A referendum on Irish unity must be held after the Assembly election result showed there is “no majority for the union any more”, according to a group of prominent nationalists.
Political parties who favour a border poll and Irish reunification received 354,432 votes in the Stormont Assembly election, compared to 349,099 votes for those parties who favour the union with Britain.
Under the Good Friday Agreement, the British government must call a border poll if it is likely to pass.
On Friday, in an initial response to her party’s success in the Assembly elections, Sinn Féin leader Mary Lou McDonald suggested a Border poll on a united Ireland “would be possible within a five-year time frame” and preparation needed to “start now”.
However, the 26 County Foreign Affairs Minister Coveney said he did not see the result as bringing a Border poll any closer, claiming only that the balance between the nationalist vote and the unionist vote “hasn’t changed hugely”.
Ireland’s Future chief executive Gerry Carlile said although the “major responsibility and onus” on preparing for a united Ireland is with the Dublin government, there is an “onus on the government in London to acknowledge that change is afoot and you cannot deny people a referendum indefinitely”.
“Democracy must be upheld,” he said. “There is no majority for the union any more.”
Ireland’s Future is holding a public meeting at Westminster on Wednesday May 18. Mr Carlile said the group wanted to let people in Britain know that the political situation in the north had changed.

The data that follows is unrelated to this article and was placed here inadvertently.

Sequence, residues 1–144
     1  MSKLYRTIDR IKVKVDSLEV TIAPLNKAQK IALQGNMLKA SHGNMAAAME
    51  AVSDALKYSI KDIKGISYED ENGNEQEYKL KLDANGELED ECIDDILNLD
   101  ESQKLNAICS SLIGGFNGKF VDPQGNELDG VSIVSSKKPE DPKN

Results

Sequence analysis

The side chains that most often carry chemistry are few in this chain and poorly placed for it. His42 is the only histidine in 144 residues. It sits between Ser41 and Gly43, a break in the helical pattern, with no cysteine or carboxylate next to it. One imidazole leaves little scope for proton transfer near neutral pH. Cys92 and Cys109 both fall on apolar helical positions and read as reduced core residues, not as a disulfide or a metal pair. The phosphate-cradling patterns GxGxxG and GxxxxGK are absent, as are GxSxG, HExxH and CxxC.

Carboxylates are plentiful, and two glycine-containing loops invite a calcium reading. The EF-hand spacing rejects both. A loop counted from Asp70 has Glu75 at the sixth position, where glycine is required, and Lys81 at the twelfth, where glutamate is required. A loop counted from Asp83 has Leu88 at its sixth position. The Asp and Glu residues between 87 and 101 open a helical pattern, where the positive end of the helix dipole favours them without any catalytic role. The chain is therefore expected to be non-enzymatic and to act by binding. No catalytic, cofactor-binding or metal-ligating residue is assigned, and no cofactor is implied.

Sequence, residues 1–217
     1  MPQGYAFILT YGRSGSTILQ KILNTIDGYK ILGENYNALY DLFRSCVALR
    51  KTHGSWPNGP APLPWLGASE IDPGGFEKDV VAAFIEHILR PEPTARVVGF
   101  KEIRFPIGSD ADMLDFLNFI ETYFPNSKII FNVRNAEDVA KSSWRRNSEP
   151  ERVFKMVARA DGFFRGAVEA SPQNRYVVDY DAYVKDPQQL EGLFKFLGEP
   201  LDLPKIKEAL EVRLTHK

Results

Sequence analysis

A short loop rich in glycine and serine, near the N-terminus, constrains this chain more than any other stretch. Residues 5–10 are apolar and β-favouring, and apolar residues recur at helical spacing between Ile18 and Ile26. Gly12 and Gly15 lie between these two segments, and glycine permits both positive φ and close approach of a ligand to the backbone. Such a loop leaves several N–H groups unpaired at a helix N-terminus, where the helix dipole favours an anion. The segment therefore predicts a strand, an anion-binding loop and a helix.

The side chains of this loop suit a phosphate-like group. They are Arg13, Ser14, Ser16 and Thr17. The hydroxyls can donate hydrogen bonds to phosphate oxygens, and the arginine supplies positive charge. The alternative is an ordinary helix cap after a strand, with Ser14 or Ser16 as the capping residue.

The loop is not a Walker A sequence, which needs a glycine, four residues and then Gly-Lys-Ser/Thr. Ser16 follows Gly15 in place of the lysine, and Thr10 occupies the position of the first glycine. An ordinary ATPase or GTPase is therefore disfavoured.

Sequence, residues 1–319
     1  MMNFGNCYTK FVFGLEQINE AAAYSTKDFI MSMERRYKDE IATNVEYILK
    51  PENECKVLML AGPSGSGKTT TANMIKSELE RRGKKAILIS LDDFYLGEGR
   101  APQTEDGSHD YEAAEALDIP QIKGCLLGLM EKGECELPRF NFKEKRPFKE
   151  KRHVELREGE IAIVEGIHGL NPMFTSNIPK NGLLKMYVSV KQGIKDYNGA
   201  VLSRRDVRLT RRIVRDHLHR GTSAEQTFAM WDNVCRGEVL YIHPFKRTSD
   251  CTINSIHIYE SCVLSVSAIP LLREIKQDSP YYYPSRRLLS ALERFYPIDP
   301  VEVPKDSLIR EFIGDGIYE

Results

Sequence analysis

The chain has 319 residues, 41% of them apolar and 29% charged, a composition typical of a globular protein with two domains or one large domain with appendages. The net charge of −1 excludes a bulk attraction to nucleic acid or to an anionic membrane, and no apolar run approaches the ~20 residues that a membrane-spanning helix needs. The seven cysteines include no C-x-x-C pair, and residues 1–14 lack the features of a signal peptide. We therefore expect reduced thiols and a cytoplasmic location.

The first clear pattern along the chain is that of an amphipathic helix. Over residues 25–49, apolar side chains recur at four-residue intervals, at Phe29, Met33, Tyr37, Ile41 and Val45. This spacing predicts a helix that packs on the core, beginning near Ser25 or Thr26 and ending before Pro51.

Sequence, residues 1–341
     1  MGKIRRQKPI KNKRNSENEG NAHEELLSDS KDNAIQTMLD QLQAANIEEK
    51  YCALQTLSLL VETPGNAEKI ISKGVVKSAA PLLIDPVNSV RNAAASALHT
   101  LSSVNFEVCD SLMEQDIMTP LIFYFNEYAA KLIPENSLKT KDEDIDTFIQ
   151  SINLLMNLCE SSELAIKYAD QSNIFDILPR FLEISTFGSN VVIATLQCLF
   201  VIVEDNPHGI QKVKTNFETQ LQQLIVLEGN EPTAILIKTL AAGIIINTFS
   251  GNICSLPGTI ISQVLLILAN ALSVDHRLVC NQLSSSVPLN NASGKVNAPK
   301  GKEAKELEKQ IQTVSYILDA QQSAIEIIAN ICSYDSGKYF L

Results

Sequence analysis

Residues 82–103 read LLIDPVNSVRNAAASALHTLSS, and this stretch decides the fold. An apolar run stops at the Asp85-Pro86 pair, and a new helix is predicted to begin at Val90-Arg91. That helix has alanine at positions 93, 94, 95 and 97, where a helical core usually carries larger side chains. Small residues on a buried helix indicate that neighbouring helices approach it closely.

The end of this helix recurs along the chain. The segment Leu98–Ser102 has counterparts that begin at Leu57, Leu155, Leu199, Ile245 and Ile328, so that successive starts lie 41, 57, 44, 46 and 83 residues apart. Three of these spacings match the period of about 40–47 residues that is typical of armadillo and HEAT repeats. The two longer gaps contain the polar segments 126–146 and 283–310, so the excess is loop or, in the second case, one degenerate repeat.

“It will be the British government who decide on the timing of the referendum so it’s important that the government and broader British society know that things have changed here significantly,” he said.
He said the north is “on a one-way trajectory to a referendum” after Sinn Féin became the largest party in the assembly.
“We’re bringing our message to London,” he said.
“It’s our intention to let people know that those who are involved in the conversation come from a wide range of backgrounds.”
He added many of those who haven’t taken a view on Irish unity are prepared to have these conversations.
Mr Carlile said “let’s plan, let’s prepare” has been the group’s mantra.
“If you know something is coming, prepare for it,” he said.
“Bringing this to Westminster is another important step for us, as was bringing it to the (Irish) diaspora in America and all around the island.”
Mr Carlile said the group has not set a time-frame on when a referendum should be held.
“While a date would focus minds our view is that it’s more important to have conversations, answer questions, have a citizens’ assembly and have the government in Dublin produce a white paper,” he said.
“We need to have conversations with people the length and breadth of Ireland, particularly our unionist friends and neighbours and work colleagues.”
Responding to Sinn Féin leader Mary Lou McDonald’s suggestion that a referendum could be held within the next five years, Mr Carlile said: “Our view is that a referendum is happening, whether it happens in five years or seven years.”
“It’s not the most important thing at the moment,” he said. “The most important thing is that we plan and prepare and we approach the conversation in a mature fashion.”